So this idea is not exactly new, as it has been suggested to me dozens of times, but that does not mean its not effective. Sometimes all that you need to reignite curiosity and get the words flowing on the page once more is to stumble across some individual or snippet of conversation that strikes you as interesting. Hang out at your local shopping mall or well populated park, for example, with the only goal being to listen and observe all that is happening around you. Listen for stories shared by total strangers, look for eccentricities in people you’ve never met before, and keep yourself open enough to receive all that may come your way. You might just find your next great source of inspiration.

4: Do Something Totally Mindless

Sometimes all the brain needs is to simply turn itself off for awhile and reboot itself back to shape. The mind, like any part of the body, sometimes just runs itself too hot and too ragged that the best cure for it is the chance to rest and cool itself off. It is this same approach that could very well help get a writer out of the oppressive grasp of writer’s block. Turn on some wonderfully garbage television (there is certainly no shortage of that) while reading your favorite gossip rag. Watch some meaningless time wasting videos on the internet, take an online quiz telling you what fruit you most identify with, or practice your most annoying noise to the delight of those around you. Whatever it is, make sure that it takes up as little energy from your brain as humanly possible. Your brain, and thus your writing, will thank you for it.

5: Do Not Give Up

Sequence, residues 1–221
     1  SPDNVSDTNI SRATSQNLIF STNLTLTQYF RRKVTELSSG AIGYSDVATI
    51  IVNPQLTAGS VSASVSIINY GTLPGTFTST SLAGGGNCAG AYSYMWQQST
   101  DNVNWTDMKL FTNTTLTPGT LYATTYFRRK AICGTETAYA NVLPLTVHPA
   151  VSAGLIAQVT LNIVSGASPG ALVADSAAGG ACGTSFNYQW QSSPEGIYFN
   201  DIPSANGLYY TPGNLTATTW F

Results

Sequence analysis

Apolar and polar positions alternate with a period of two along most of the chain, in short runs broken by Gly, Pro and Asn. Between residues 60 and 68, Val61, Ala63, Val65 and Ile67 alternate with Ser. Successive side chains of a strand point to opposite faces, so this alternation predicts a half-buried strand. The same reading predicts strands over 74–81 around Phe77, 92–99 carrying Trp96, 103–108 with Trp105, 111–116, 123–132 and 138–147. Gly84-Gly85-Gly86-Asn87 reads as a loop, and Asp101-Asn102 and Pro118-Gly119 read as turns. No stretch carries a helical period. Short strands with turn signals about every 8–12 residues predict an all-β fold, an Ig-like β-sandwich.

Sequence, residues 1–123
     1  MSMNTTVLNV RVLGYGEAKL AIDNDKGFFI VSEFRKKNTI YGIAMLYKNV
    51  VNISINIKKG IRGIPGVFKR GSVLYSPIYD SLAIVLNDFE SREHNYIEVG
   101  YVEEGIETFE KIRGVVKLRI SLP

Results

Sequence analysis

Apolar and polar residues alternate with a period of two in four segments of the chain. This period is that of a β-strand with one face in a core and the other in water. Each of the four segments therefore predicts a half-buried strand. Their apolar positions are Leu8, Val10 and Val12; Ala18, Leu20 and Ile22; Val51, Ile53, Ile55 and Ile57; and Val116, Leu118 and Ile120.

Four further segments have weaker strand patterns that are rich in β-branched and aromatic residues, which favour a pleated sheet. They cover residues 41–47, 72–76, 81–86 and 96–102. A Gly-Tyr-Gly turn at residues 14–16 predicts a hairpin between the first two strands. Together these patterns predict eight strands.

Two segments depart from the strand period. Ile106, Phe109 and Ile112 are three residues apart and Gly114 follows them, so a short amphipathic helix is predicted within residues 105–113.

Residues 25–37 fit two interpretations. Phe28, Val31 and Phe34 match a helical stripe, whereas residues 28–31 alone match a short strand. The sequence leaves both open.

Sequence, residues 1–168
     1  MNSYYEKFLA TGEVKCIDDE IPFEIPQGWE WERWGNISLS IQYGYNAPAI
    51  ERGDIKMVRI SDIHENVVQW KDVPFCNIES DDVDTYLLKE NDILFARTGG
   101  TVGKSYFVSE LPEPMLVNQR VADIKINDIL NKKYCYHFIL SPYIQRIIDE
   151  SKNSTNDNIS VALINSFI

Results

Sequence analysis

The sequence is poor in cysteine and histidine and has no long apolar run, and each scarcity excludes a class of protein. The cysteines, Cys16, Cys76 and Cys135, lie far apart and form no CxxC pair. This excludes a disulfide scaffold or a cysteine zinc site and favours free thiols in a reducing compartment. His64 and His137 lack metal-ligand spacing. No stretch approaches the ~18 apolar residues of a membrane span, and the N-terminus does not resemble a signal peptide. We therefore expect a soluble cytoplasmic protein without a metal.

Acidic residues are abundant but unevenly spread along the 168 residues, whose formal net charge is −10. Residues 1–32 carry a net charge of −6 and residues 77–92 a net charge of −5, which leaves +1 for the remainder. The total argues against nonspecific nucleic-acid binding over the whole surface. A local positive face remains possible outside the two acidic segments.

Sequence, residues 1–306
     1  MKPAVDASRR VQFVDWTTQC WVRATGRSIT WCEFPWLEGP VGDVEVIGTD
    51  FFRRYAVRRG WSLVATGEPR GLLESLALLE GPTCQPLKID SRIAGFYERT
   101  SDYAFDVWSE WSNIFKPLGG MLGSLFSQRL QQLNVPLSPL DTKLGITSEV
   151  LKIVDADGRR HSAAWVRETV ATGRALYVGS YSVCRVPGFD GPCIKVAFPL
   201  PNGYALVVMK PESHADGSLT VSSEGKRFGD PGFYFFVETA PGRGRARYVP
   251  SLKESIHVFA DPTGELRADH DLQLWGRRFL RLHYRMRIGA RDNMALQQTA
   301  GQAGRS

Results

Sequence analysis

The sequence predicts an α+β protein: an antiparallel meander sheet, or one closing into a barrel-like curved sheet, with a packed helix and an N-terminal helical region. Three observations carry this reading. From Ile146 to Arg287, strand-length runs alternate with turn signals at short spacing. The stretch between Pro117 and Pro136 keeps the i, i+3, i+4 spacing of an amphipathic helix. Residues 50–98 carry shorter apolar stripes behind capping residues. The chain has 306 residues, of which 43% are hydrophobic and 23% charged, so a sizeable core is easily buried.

This one may be a little to general, but it is still nonetheless the truest and most meaningful way one can find themselves cured of writer’s block. When we sit at our desks and try to put down words that simply refuse to come, we are too often tempted to give up. Throw in the towel. Accept that your writing is doomed to suffer in this realm of inaction forever. This, I assure you, must be avoided at all costs. Always be willing to sit back down and give it another go, always be willing to give yourself just one more shot, and always remember that the only thing that makes a writer is the willingness to, you know, write. So push through, grab those words by their heels and drag them into the light of day, and no matter how slowly or how painfully, get that writing done. No other tip or trick will ring with any truth if you are not prepared to do the hard work that needs doing.

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    • mrik07 profile image

      Indra Kumar 

      26 hours ago from India

      Really some of the best advice for a writer like me as I'm going to write my first novel but it's for almost 2 months that I'm delaying the process because of fear of failure.

      And now I think I might start my new journey as a writer.

      Also it's not you but I've read almost many articles related to WRITER's BLOCK. But thanks agian for sharing some amazing dormant tricks.

      Thanks to you!!!

    • Lorna Lamon profile image

      Lorna Lamon 

      6 days ago

      Really informative article about something I am no stranger to. I will certainly use your tips in future.